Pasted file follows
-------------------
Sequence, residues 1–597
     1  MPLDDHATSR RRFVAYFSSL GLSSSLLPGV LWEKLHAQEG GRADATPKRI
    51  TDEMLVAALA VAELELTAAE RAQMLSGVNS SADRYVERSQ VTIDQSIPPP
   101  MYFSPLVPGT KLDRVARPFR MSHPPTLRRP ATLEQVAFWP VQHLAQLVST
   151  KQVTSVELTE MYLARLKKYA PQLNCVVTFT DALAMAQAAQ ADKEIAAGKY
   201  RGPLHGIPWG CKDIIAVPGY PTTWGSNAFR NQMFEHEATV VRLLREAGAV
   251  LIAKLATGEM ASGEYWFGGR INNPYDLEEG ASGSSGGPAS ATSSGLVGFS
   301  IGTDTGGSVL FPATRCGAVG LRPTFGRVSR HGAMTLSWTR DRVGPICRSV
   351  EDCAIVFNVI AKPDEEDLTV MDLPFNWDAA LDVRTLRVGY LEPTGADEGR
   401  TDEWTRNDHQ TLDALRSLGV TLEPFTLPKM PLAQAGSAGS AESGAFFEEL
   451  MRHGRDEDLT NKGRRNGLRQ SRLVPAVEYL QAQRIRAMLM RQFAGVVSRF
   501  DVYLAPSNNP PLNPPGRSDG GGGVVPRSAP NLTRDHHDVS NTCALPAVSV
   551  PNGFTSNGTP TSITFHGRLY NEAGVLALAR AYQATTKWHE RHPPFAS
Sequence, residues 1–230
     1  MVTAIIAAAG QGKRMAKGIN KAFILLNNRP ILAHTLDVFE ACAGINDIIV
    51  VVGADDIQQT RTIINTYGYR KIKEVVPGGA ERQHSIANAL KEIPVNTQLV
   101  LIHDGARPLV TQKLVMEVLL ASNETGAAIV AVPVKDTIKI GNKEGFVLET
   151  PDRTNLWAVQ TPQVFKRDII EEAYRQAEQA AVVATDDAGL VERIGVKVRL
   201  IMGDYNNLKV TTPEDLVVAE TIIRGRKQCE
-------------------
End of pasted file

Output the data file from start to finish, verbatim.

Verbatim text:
Sequence, residues 1–597
     1  MPLDDHATSR RRFVAYFSSL GLSSSLLPGV LWEKLHAQEG GRADATPKRI
    51  TDEMLVAALA VAELELTAAE RAQMLSGVNS SADRYVERSQ VTIDQSIPPP
   101  MYFSPLVPGT KLDRVARPFR MSHPPTLRRP ATLEQVAFWP VQHLAQLVST
   151  KQVTSVELTE MYLARLKKYA PQLNCVVTFT DALAMAQAAQ ADKEIAAGKY
   201  RGPLHGIPWG CKDIIAVPGY PTTWGSNAFR NQMFEHEATV VRLLREAGAV
   251  LIAKLATGEM ASGEYWFGGR INNPYDLEEG ASGSSGGPAS ATSSGLVGFS
   301  IGTDTGGSVL FPATRCGAVG LRPTFGRVSR HGAMTLSWTR DRVGPICRSV
   351  EDCAIVFNVI AKPDEEDLTV MDLPFNWDAA LDVRTLRVGY LEPTGADEGR
   401  TDEWTRNDHQ TLDALRSLGV TLEPFTLPKM PLAQAGSAGS AESGAFFEEL
   451  MRHGRDEDLT NKGRRNGLRQ SRLVPAVEYL QAQRIRAMLM RQFAGVVSRF
   501  DVYLAPSNNP PLNPPGRSDG GGGVVPRSAP NLTRDHHDVS NTCALPAVSV
   551  PNGFTSNGTP TSITFHGRLY NEAGVLALAR AYQATTKWHE RHPPFAS
Sequence, residues 1–230
     1  MVTAIIAAAG QGKRMAKGIN KAFILLNNRP ILAHTLDVFE ACAGINDIIV
    51  VVGADDIQQT RTIINTYGYR KIKEVVPGGA ERQHSIANAL KEIPVNTQLV
   101  LIHDGARPLV TQKLVMEVLL ASNETGAAIV AVPVKDTIKI GNKEGFVLET
   151  PDRTNLWAVQ TPQVFKRDII EEAYRQAEQA AVVATDDAGL VERIGVKVRL
   201  IMGDYNNLKV TTPEDLVVAE TIIRGRKQCE